This paper describes a method for determining the combination of renewable energy technologies that minimize life-cycle cost at a facility, often with a specified goal regarding percent of energy use from renewable sources. Technologies include: photovoltaics (PV); wind; solar thermal heat and electric; solar ventilation air preheating; solar water heating; biomass heat and electric (combustion, gasification, pyrolysis, anaerobic digestion); and daylighting. The method rests upon the National Renewable Energy Laboratory's (NREL's) capabilities in characterization of technology cost and performance, geographic information systems (GIS) resource assessment, and life-cycle cost analysis. The paper discusses how to account for the way candidate technologies interact with each other, and the solver routine used to determine the combination that minimizes life-cycle cost. Results include optimal sizes of each technology, initial cost, operating cost, and life-cycle cost, including incentives from utilities or governments. Results inform early planning to identify and prioritize projects at a site for subsequent engineering and economic feasibility study.

  11. Avoiding Intellectual Stagnation: The Starship as an Expander of Minds

    E-Print Network [OSTI]

    Crawford, Ian A

    2015-01-01T23:59:59.000Z

    Interstellar exploration will advance human knowledge and culture in multiple ways. Scientifically, it will advance our understanding of the interstellar medium, stellar astrophysics, planetary science and astrobiology. In addition, significant societal and cultural benefits will result from a programme of interstellar exploration and colonisation. Most important will be the cultural stimuli resulting from expanding the horizons of human experience, and increased opportunities for the spread and diversification of life and culture through the Galaxy. Ultimately, a programme of interstellar exploration may be the only way for human (and post-human) societies to avoid the intellectual stagnation predicted for the "end of history".

  12. Mistakes to Avoid When Using HPSS at NERSC

    Broader source: All U.S. Department of Energy (DOE) Office Webpages (Extended Search)

    AFDC Printable Version Share this resource Send a link to EERE: Alternative Fuels Data Center Home Page to someone by E-mail Share EERE: Alternative Fuels Data Center Home Page on Facebook Tweet about EERE: Alternative Fuels Data Center Home Page on Twitter Bookmark EERE: Alternative1 First Use of Energy for All Purposes (Fuel and Nonfuel), 2002; Level: National5Sales for4,645U.S. DOE Office of Science (SC)Integrated Codes |IsLove Your1 SECTION A. Revised:7,AMission MissionMistakes to Avoid

  13. Decommissioning Unit Cost Data

    SciTech Connect (OSTI)

    Sanford, P. C.; Stevens, J. L.; Brandt, R.

    2002-02-26T23:59:59.000Z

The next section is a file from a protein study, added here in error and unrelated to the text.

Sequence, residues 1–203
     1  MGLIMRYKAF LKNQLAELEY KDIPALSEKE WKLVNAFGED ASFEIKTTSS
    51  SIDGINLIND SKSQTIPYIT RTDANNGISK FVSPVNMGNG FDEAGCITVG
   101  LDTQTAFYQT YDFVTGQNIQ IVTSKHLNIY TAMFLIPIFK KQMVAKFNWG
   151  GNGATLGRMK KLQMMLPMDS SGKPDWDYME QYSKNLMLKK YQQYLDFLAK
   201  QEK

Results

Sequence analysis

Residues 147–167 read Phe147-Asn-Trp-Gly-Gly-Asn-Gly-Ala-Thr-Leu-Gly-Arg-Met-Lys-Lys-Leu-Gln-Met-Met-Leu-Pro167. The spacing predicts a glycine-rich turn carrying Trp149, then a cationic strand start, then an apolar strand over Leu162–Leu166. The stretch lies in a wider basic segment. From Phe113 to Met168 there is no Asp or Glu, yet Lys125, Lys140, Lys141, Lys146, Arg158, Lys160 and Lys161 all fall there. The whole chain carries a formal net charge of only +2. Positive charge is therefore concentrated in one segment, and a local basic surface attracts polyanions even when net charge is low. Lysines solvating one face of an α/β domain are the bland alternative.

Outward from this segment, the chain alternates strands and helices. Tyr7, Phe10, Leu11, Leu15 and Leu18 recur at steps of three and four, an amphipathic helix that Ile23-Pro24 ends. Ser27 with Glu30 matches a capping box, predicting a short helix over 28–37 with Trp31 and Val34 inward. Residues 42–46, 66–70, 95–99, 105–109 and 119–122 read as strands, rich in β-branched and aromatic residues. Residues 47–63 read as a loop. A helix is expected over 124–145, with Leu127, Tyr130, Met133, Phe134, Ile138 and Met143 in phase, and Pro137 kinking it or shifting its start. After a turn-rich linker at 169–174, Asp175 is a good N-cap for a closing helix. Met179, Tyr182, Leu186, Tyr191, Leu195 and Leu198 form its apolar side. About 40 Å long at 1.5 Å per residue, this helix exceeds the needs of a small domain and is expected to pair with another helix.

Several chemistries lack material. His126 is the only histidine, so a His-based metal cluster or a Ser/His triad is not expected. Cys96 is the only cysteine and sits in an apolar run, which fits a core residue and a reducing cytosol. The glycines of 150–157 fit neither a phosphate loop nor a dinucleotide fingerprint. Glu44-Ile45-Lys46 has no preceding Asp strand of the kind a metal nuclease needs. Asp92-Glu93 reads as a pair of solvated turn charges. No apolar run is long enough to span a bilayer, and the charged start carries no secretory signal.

The Rocky Flats Closure Site (Site) is in the process of stabilizing residual nuclear materials, decommissioning nuclear facilities, and remediating environmental media. A number of contaminated facilities have been decommissioned, including one building, Building 779, that contained gloveboxes used for plutonium process development but did little actual plutonium processing. The actual costs incurred to decommission this facility formed much of the basis or standards used to estimate the decommissioning of the remaining plutonium-processing buildings. Recent decommissioning activities in the first actual production facility, Building 771, implemented a number of process and procedural improvements. These include methods for handling plutonium contaminated equipment, including size reduction, decontamination, and waste packaging, as well as management improvements to streamline planning and work control. These improvements resulted in a safer working environment and reduced project cost, as demonstrated in the overall project efficiency. The topic of this paper is the analysis of how this improved efficiency is reflected in recent unit costs for activities specific to the decommissioning of plutonium facilities. This analysis will allow the Site to quantify the impacts on future Rocky Flats decommissioning activities, and to develop data for planning and cost estimating the decommissioning of future facilities. The paper discusses the methods used to collect and arrange the project data from the individual work areas within Building 771. Regression and data correlation techniques were used to quantify values for different types of decommissioning activities. The discussion includes the approach to identify and allocate overall project support, waste management, and Site support costs based on the overall Site and project costs to provide a ''burdened'' unit cost. The paper ultimately provides a unit cost basis that can be used to support cost estimates for decommissioning at other facilities with similar equipment and labor costs. It also provides techniques for extracting information from limited data using extrapolation and interpolation techniques.